Scanning Electron Microscopy
Environmental scanning electron microscopy (ESEM) micrographs of the samples were obtained with a Hitachi TM-1000- µDex variable pressure scanning electron microscope. Samples were deposited on a carbon tape and coated by gold using Sputter Coater 108 auto (Cressington). Twelve root systems grown in sand soil under water stress were studied for AZP2 biofilm formation.
Foliage gas exchange measurements
Steady-state net assimilation and transpiration rates and stomatal conductance were recorded immediately after stress application (day 0) and in 2, 5, 8 and 10 days from start of stress application using a Walz GFS-3000 portable gas exchange system equipped with a LED-array/PAM-fluorimeter 3055-FL (H. Walz GmbH, Effeltrich, Germany) , . Leaf temperature was set at 25°C, incident quantum flux density at 1000 µmol m−2 s−1, chamber CO2 concentration at 390 µmol mol−1 and air humidity at 60%. Multiple leaves were inserted side by side to fill the leaf chamber area. After insertion of leaves, leaves were stabilized under measurement conditions until steady-state gas exchange rates were established, typically 20–30 min before recording the values. After completion of gas-exchange measurements, the leaf chamber fluorimeter was removed and a photograph of the chamber window was taken for enclosed leaf area estimation.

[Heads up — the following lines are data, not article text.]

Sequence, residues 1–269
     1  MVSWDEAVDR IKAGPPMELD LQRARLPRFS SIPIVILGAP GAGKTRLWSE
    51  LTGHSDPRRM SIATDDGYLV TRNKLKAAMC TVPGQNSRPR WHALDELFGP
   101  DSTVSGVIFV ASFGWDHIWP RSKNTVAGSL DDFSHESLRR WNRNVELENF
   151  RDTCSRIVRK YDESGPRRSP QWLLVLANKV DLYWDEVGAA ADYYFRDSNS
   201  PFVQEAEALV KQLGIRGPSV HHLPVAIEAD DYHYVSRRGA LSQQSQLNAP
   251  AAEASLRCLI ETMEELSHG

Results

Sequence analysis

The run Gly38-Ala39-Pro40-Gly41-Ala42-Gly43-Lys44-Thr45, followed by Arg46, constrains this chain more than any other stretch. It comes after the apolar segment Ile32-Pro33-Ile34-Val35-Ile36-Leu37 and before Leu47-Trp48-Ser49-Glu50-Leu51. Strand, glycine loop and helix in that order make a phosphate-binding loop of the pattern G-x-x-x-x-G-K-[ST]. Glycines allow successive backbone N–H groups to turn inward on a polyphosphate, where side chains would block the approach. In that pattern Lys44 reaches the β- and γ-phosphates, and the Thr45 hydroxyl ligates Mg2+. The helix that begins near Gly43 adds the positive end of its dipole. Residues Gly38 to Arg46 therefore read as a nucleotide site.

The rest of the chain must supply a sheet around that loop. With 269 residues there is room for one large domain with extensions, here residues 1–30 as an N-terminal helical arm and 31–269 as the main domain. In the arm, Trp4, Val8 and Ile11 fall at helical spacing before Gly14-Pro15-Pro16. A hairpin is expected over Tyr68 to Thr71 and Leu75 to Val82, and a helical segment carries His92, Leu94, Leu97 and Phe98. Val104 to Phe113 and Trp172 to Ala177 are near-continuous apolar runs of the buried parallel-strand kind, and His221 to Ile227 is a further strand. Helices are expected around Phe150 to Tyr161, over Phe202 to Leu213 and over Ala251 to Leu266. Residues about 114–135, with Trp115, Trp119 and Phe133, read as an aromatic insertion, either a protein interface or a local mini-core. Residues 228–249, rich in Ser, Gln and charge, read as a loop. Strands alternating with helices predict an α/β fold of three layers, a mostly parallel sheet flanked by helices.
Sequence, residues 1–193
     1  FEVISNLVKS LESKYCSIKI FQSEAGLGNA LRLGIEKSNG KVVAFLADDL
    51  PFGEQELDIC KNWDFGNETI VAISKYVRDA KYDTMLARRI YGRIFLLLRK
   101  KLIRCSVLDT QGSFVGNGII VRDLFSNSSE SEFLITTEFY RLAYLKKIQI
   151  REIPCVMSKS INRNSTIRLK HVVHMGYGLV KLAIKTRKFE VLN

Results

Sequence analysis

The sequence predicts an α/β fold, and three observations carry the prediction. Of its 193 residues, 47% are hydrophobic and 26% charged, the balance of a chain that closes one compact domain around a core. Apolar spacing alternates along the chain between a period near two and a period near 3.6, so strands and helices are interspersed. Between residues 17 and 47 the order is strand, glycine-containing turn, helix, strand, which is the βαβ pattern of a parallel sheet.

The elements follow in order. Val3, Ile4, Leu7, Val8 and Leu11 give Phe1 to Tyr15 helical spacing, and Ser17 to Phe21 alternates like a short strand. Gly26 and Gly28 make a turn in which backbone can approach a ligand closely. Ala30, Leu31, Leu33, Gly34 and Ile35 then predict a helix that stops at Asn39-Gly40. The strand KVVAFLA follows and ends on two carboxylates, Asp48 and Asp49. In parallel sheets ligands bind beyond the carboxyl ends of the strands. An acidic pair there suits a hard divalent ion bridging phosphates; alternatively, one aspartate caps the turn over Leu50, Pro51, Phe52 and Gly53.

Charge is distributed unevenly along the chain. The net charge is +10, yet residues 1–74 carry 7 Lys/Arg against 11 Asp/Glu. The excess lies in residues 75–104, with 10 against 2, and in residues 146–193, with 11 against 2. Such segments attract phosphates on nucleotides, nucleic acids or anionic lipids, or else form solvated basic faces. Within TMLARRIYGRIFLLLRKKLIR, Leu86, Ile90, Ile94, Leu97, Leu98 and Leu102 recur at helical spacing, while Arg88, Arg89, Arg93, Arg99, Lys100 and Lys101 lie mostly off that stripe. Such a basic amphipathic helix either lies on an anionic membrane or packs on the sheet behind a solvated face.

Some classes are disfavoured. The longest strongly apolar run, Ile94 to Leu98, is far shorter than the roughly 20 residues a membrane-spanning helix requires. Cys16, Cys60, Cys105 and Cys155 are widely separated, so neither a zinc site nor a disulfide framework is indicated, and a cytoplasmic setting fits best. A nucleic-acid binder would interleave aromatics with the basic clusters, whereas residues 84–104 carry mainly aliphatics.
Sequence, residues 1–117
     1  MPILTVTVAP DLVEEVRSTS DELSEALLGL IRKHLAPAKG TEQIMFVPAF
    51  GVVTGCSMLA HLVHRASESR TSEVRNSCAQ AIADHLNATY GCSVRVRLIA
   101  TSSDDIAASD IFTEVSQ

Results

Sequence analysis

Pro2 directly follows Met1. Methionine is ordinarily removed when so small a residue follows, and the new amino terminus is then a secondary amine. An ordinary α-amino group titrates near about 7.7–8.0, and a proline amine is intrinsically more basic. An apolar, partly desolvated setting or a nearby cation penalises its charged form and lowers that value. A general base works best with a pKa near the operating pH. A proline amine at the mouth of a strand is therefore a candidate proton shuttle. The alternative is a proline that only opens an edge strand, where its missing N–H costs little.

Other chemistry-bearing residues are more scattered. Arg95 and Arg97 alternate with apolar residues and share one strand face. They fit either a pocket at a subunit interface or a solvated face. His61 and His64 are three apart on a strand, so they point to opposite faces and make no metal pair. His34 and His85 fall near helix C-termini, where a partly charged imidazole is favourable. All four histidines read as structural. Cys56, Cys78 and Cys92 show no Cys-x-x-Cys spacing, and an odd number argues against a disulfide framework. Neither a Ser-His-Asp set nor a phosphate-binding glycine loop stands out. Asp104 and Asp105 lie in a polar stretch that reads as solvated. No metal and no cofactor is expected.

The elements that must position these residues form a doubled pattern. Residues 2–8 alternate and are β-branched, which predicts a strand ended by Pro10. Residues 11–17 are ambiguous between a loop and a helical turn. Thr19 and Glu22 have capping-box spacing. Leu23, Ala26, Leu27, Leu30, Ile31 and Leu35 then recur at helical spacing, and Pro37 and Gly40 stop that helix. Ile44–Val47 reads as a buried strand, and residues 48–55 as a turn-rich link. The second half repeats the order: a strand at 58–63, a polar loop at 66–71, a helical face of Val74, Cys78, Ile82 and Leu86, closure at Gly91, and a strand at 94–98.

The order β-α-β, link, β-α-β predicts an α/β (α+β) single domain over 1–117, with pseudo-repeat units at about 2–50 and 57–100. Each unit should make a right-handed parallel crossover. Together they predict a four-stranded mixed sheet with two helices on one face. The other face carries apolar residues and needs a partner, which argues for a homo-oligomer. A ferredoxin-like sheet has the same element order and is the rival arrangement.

VOCs sampling and analysis
Volatiles were trapped by sampling 4 L of chamber air from the Walz GFS-3000 cuvette outlet onto a multibed stainless steel cartridge, and analyzed by a Shimadzu 2010Plus GC-MS (Shimadzu Corporation, Kyoto, Japan) as in our previous studies , , . Ethylene emission rate was measured at days 0, 2, 5, 8 and 10 days after stress application using Picarro G1106 real-time ethylene analyzer (Picarro, Inc, CA, USA). The ethylene analyzer was linked to GFS-3000 gas-exchange system through a bypass loop.
Data confirmation and validation
Experiments were repeated three times to confirm reproducibility of plant phenotypes. Replicated data were analysed by three-way ANOVA (stress x strain x stress exposure time), and all treatment effects were considered significant at a conservative level of significance of P≤0.01.
Screening of two sets of rhizosphere bacteria originating from harsh and moderately stressed environments for their drought tolerance enhancement ability